For the better part of three decades, Sherrie Kossoudji has endeavored each day to manage the inflammation, chronic pain, tight joints and other types of physical strife caused by rheumatoid arthritis.
“Rheumatoid arthritis affects my life in as many ways as you could possibly imagine, and pretty much at all times,” says Kossoudji. “It is a disease that can be manipulated with medicine, but it doesn't ever really go away.”
Now 53, Kossoudji is dealing with a new aspect of her chronic disease: sorting out what is a normal part of aging, and what is a facet of rheumatoid arthritis, or RA. If she has a sore leg, a pain in her elbow or a kink in her wrist, is it because of RA or is there another cause?
“I have fingers that don't work well, joints that don't work well. I have a wrist that doesn't flex and neuropathies in my legs,” she says. “I think it's difficult when someone has a long-term disease to separate what happens as the body ages from what happens when you have a disease for a very long time.”
RA is debilitating for some patients as they age, so it is especially important for people with RA to see a rheumatologist to determine the best course of treatment and to gain the best possible understanding of what is happening in one's body, says David A. Fox, M.D., division chief and professor of rheumatology at the University of Michigan Health System. Fox is Kossoudji's rheumatologist.
Whatever the age of the patient's RA onset – whether it is at a young age, like Kossoudji at the time of her diagnosis, or later in life – Fox emphasizes that RA is not a normal part of aging. It is a specific condition with symptoms that can't be cured, but can be managed.
“Arthritis should not be considered just a part of the aging process or a normal part of getting older,” Fox says. “There are some elderly people who don't have arthritis, and many people who develop arthritis when they are younger.”
Many patients are helped by some of the available treatments, including pain relievers and anti-inflammatory medications known as nonsteroidal anti-inflammatory drugs (NSAIDs) and disease-modifying antirheumatic drugs, such as methotrexate and tumor necrosis factor (TNF) blockers. Exercise, weight loss and diet changes also can be helpful, Fox says.
RA is one of more than 100 varieties of arthritis, a wide-ranging set of conditions that affects 70 million people in the United States. RA involves a malfunctioning of the immune system that causes inflammation in the lining of the joints. With time, the cartilage and bone are attacked and invaded, Fox says, to the point that the structure of the joint can be destroyed. This can lead to deformities and disabilities.
“Patients may develop inflammation in their lungs or peripheral nerves, inflammation in the salivary glands or tear glands that prevent them from functioning normally, and they may become what we call ‘systemically ill' – that is, the disease can affect the patient's body as a whole,” he says.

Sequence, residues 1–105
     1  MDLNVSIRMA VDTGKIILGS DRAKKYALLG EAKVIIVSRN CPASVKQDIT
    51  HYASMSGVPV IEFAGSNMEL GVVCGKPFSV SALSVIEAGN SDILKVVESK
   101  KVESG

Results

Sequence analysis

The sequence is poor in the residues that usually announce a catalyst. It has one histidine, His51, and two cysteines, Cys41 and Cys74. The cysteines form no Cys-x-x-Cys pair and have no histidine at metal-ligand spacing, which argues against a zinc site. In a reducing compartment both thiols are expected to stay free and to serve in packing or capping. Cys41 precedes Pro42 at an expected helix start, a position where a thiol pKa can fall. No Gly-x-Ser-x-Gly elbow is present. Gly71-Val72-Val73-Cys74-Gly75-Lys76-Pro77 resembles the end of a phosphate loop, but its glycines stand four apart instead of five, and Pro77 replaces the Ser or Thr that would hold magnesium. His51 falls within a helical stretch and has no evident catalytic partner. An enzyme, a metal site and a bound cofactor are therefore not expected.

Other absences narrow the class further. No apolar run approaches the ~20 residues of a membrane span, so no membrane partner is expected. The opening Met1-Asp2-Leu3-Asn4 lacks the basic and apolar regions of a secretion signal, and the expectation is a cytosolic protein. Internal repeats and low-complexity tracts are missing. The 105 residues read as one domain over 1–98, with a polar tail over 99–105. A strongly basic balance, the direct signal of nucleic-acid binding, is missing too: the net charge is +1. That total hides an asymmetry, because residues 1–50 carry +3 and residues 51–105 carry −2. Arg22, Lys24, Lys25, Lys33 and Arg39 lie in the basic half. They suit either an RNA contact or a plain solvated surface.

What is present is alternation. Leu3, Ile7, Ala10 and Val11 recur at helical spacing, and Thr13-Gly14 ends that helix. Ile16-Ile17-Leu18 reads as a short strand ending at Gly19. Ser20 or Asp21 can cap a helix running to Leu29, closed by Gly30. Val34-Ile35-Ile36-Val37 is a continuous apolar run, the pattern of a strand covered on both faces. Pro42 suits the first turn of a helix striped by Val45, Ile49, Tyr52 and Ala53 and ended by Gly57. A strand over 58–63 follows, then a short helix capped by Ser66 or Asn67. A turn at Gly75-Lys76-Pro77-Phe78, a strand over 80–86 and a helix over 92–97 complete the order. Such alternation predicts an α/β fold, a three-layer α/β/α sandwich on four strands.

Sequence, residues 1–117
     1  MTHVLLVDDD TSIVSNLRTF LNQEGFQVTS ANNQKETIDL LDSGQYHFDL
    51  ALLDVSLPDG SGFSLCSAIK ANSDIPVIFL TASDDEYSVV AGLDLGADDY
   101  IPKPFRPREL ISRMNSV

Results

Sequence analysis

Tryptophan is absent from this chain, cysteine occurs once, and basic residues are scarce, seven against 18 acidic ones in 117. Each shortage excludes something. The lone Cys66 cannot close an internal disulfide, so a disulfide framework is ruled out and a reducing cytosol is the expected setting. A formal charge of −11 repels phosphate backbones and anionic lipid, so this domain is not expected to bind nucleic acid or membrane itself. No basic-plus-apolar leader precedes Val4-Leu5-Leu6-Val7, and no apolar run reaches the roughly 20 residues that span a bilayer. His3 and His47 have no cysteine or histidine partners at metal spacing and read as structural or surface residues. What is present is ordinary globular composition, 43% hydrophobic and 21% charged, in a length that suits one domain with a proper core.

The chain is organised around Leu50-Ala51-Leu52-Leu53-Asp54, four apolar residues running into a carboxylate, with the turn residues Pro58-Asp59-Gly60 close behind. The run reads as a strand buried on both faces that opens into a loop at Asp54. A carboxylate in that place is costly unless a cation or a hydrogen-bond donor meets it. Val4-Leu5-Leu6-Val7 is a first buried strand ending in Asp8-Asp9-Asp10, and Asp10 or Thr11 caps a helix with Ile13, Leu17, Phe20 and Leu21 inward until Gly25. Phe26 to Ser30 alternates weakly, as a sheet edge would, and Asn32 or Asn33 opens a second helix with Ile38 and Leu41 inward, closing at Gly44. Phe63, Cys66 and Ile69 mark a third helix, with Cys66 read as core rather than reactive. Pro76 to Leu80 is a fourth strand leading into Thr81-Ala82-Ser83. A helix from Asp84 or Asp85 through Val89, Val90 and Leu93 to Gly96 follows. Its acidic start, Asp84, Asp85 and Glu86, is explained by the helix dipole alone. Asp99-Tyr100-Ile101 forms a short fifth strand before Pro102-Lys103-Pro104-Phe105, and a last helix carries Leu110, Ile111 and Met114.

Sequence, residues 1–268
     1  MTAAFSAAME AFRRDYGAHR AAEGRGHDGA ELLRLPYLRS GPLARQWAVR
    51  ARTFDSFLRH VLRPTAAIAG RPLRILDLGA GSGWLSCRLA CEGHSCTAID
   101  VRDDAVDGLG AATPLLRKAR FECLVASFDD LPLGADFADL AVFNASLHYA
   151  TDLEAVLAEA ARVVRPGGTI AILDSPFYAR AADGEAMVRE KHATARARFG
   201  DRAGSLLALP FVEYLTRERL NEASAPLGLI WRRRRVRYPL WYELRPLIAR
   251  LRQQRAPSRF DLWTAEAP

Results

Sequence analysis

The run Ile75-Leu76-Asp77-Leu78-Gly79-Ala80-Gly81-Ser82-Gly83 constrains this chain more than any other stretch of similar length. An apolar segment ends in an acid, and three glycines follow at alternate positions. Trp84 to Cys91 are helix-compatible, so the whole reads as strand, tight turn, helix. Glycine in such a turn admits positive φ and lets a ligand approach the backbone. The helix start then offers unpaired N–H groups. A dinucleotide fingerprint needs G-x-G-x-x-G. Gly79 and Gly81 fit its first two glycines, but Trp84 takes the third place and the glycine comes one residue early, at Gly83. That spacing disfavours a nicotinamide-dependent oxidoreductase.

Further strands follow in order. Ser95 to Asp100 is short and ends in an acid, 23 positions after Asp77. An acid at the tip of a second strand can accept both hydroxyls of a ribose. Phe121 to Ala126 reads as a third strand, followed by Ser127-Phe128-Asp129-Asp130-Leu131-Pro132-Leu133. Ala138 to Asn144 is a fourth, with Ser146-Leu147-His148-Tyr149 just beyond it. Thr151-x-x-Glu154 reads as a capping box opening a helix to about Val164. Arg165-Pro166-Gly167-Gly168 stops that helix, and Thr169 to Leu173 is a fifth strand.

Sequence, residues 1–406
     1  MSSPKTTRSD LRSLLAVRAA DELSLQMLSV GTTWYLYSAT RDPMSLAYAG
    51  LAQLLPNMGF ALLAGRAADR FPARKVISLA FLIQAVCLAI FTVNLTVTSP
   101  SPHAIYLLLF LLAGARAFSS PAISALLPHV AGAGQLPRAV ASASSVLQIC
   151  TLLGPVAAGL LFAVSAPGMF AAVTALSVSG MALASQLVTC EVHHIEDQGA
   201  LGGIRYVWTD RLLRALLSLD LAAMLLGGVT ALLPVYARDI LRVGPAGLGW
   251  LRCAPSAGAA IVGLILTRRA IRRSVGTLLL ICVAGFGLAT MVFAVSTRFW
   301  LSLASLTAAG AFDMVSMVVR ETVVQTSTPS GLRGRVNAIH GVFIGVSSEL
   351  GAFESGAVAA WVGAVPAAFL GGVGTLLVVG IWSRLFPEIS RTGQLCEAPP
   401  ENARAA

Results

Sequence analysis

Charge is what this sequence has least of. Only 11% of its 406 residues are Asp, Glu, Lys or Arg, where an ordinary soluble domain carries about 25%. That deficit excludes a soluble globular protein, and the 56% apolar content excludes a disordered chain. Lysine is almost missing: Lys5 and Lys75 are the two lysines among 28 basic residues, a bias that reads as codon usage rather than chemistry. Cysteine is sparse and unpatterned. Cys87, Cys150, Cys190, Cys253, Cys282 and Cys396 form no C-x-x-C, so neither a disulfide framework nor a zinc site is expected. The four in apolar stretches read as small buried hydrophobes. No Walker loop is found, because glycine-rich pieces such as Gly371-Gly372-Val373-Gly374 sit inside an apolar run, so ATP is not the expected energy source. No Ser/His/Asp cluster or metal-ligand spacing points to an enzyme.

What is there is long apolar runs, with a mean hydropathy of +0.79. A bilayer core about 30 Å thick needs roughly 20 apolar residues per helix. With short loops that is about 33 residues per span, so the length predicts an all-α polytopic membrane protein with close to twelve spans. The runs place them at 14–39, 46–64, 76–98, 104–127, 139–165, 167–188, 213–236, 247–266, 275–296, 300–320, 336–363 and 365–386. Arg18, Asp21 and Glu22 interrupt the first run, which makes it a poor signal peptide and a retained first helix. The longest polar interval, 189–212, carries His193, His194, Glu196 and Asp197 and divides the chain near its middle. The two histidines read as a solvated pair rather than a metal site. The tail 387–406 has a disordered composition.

One very important thing that Fox tells his patients with RA is that they do not have to stop living their lives. Kossoudji, for one, has followed the advice. “My job is to make sure that rheumatoid arthritis diminishes my life as little as possible,” she says. “My goal is not to overcome the disease, but to do my best at managing the disease.”
7 facts about rheumatoid arthritis
- What it is: Rheumatoid arthritis (RA) is a disease that causes pain, stiffness, swelling and loss of motion in the joints. It occurs most commonly in the fingers, wrists, elbows, shoulders, jaw, hips, knees and toes. RA often appears first in early adulthood or middle age, but sometimes does not occur until the later years. (Osteoarthritis is another common type of arthritis; it causes a breakdown of the cartilage in the joints.)
- Symptoms: Symptoms include joint pain and stiffness, particularly in the morning; red, warm or swollen joints; deformity of the joints; mild fever; fatigue; loss of appetite; anemia; and small lumps or nodules under the skin. Symptoms can be present nearly every day, or they can come and go.
- Diagnosis: Your health care provider will review your medical history and examine you. He or she may order blood tests and x-rays to confirm the diagnosis and measure the extent of the disease.
- Prevention: The best ways to try to prevent arthritis, Fox says, are maintaining a good body weight and not smoking. To try to prevent osteoarthritis, he also advises that you use common sense when engaging in strenuous physical activity so you don't seriously injure your joints.
- Who is at risk: RA can affect people of different ages, races and sexes; it is three times more common in women than men. Genetics can affect a person's chance of developing RA, but if one of your parents had the condition, it does not necessarily mean that you will. Being overweight is a major risk factor for osteoarthritis, and recent studies have shown that smokers may have twice the chance of developing RA as non-smokers.
- Treatment: RA can be managed but not cured. The goal of treatment is to keep the joints working properly by reducing inflammation, relieving the pain and stiffness, and stopping or slowing down joint damage. Many drugs are used for the long-term relief of rheumatoid arthritis. One type is nonsteroidal anti-inflammatory drugs (NSAIDs) that treat pain and inflammation (aspirin, ibuprofen and naproxen are NSAIDs that are available without a prescription, and others are available by prescription only). When NSAIDs do not work, disease-modifying antirheumatic drugs (DMARDs) may be used, with careful supervision by a rheumatologist. Methotrexate and tumor necrosis factor (TNF) blockers are examples of DMARD that have been found to be helpful for many RA patients. Injections, physical therapy and surgery are other potential treatments.
- Possible treatment in the future: Ongoing research offers significant hope that in the future, cures will be available for RA, Fox says.